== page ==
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TV cameras catch Lancaster breaking up fight
By ANNA BROWN
As supervisor for template inspection with NASCAR, Michael Lancaster's job duties are varied.
On March 12 after the Kobalt 400 in Las Vegas, referee came into the mix. Driver Kyle Busch, angry over an incident where his car and Joey Logano's collided on the final lap, came after Logano. On live TV, Lancaster is seen pulling Busch, his face bloodied, out of the fight and leading him away. He can be heard saying, “Kyle, calm down.”
“It's happened before, but never on that big of a platform,” Lancaster said. “They have a competitive edge - these drivers really have a big competitive spirit and sometimes their emotions get the best of them. Wayne (Auton, NASCAR Xfinity Series director) has always told us when one driver is approaching another after an incident like that always be sure they are just going to talk to settle their differences. When it escalates that is when we are supposed to step in and try to diffuse the situation. From what I saw Sunday, it escalated and escalated quickly. I just did what I did to diffuse the situation and remove one of the parties involved.”
Lancaster said he has not spoken with Busch personally since the incident.
“His PR guy did see me afterwards and did express his thanks to me for removing Kyle from that situation,” Lancaster said.
In the footage that has gone viral, Lancaster appears to pick up Busch with ease.
“Have you looked at me? I'm a pretty good size boy,” Lancaster said with a laugh. “I guess adrenaline had taken over. I saw a situation that needed to be diffused and I did what I had to do.”
Lancaster used a firm demeanor with Busch, much like a father talking to a son.
“We know the drivers,” he said. “We speak to them. We are cordial to everybody. You see them on a weekly basis. As far as knowing people, we know more the crew chiefs, car chiefs and teams more than the drivers, but the drivers know who we are and we know who they are. To go back to another cliché statement, it is like a big family. We all are going to take care of each other. What it all comes down to is if something goes bad, we are going to take care of each other.”
Lancaster was on pit road and saw Busch walking toward Logano.
“I figured they would get into a shouting match,” he said. “I had no idea they would get into a shoving match or a fight. When I saw Kyle lunge at Joey, it took me a few seconds to get up there. I guess the thought was, 'Is this really happening in front of me?'”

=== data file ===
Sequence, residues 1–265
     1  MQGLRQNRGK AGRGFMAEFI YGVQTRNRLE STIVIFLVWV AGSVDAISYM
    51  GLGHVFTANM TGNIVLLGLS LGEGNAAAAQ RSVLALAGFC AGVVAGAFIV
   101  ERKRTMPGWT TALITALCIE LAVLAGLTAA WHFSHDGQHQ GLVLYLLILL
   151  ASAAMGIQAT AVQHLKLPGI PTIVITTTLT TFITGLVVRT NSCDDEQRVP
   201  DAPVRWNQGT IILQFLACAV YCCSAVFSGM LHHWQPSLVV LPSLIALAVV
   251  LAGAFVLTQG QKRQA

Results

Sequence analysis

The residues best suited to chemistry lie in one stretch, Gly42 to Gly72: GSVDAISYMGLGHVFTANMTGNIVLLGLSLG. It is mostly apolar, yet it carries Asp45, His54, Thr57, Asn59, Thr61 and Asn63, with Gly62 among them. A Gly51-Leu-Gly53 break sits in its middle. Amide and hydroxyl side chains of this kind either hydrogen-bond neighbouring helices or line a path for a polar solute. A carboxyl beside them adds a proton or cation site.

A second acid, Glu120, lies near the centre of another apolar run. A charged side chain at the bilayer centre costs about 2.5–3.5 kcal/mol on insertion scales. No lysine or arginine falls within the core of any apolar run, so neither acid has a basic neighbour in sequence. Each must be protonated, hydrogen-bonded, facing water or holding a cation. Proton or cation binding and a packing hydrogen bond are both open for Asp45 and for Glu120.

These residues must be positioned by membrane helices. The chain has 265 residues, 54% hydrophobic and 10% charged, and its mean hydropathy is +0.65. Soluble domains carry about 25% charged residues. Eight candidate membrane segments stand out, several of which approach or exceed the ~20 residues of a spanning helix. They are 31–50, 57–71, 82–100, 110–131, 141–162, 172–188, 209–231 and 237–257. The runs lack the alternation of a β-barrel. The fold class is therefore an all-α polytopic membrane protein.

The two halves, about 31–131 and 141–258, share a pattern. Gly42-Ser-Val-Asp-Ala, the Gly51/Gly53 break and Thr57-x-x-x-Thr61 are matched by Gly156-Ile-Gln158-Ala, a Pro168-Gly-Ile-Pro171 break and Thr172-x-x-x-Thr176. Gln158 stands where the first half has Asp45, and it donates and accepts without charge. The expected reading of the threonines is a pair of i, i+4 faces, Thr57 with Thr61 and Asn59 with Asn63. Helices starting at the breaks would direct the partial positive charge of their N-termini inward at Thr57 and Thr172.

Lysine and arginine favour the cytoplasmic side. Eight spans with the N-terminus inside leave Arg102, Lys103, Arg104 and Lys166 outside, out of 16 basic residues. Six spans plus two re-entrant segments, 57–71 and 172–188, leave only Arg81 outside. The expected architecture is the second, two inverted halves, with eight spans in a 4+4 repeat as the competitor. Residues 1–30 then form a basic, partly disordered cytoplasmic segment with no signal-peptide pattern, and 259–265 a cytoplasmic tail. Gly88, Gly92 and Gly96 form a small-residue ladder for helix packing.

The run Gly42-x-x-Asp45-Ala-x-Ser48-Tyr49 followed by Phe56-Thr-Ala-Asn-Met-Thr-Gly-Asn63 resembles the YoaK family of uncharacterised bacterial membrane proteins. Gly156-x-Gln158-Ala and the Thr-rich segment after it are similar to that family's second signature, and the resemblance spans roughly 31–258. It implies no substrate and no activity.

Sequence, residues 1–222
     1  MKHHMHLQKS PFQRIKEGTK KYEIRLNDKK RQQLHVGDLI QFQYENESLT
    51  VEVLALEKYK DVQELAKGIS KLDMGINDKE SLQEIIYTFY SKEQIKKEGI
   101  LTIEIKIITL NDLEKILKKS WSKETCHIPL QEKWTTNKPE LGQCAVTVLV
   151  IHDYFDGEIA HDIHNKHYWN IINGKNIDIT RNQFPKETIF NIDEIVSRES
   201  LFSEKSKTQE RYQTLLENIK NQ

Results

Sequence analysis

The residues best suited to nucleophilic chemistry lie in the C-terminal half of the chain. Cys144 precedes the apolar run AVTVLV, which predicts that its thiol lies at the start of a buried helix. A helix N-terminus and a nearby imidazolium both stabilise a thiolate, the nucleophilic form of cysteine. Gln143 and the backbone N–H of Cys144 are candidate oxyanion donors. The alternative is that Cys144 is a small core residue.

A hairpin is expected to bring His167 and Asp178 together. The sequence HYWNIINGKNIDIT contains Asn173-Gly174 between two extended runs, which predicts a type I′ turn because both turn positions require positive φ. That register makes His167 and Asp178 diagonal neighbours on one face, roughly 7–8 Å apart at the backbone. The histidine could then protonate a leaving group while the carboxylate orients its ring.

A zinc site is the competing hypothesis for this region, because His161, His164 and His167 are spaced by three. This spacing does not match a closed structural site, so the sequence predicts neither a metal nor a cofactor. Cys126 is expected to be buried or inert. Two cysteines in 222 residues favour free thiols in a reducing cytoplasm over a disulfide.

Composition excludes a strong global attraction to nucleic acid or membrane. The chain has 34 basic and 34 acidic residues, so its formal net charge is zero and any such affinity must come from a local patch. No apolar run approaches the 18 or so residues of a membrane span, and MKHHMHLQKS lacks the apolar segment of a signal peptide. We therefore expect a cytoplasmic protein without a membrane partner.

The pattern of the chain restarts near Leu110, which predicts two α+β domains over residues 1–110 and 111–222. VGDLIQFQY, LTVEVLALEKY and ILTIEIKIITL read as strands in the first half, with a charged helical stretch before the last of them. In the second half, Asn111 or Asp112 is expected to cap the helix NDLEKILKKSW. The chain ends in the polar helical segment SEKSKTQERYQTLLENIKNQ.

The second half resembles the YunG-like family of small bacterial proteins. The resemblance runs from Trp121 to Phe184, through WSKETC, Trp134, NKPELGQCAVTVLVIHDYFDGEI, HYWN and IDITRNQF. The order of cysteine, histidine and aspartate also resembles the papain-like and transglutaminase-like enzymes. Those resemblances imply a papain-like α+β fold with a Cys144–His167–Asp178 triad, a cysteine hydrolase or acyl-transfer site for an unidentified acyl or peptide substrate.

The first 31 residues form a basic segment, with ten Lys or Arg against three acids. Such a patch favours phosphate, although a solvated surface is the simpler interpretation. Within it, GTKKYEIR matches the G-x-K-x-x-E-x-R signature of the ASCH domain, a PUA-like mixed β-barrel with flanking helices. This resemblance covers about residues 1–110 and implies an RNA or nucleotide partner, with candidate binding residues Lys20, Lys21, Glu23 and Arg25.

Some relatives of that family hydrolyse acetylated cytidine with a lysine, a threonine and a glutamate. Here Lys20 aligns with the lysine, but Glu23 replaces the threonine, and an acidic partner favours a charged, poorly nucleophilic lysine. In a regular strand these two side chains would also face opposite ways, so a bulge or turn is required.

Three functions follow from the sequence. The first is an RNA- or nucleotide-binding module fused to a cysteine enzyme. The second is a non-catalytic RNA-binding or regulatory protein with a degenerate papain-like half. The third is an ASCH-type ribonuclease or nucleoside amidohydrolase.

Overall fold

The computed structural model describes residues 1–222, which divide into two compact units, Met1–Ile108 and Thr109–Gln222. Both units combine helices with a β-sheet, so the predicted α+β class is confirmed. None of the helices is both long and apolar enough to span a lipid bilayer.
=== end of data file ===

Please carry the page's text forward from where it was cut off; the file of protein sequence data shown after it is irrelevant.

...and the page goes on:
Lancaster said 15 minutes after the incident, friends and family began “blowing up” his phone, Facebook and Twitter.
“I didn't see the footage until I was on the airplane getting ready to come home,” he said. “I really didn't know what it looked like or what the situation was. I knew there were TV cameras everywhere but I just did what I had to do to diffuse the situation and get the parties separated.”
Lancaster said he appreciated the calls and comments.
“All the well-wishes and comments were positive,” he said. “But I'm not in it for the glory. I had no intentions of trying to get on TV or anything of that nature.”
Lancaster has been working with NASCAR for nearly 22 years.
In the summer of 1995 Lancaster was working with Union resident Scott Willard and Star Com Radios at the Greenville/Pickens Speedway during a Goody's Dash Series race. Someone approached him and said an official was needed to work the stop and go position.
“I said, 'Give me some instructions on what I need to do,'” Lancaster said. “From then on I was working basically part time for NASCAR.”
Later, NASCAR restructured and sold the Goody's Dash Series. Employees were given the opportunity to go with the series or continue to work with NASCAR. The majority stayed to work with Auton and the NASCAR Craftsman Truck Series, now called the NASCAR Camping World Truck Series.
Lancaster went to work for NASCAR in the truck series full time four years ago. A year later after restructuring he began working for all three national series - NASCAR Monster Energy Cup Series, NASCAR Xfinity Series and the NASCAR Camping World Truck Series. He said he enjoys working them all.
As supervisor for template inspection, Lancaster's job duties include working pit road, working the garage and working the spotters stand.
“It all depends on the situation and the assignment,” he said.
In Las Vegas, he was assigned to the garage. Duties include making sure teams are following repair rules.
“Now with the damaged vehicle policy we have in place, if they return to the garage and a vehicle has been involved in an accident on the race track or has made contact and they come to the garage they can no longer make repairs to the body,” he said. “The only thing they can come to the garage and repair would be a mechanical issue. We have to make sure they are repairing a mechanical issue and not a body damage issue.”
Being away from home is the most difficult part of his job, Lancaster said. He and his wife, the former Beth Walker, have been married since 1991 and have one son, Grayson. Lancaster is fire chief for the Southside Fire District and has been a firefighter since a week after he and Beth married.
Lancaster gets six weekends off a year. This year he is scheduled to work 31 events. Beth and Grayson sometimes attend races close to home, including the July race in Daytona last year.
Some racing fans might think Lancaster has a dream job.
“It's not all glory all the time; it's a tough deal being gone from home. But sometimes you have to do what you have to do to provide for your family.”
(Posted March 20, 2017)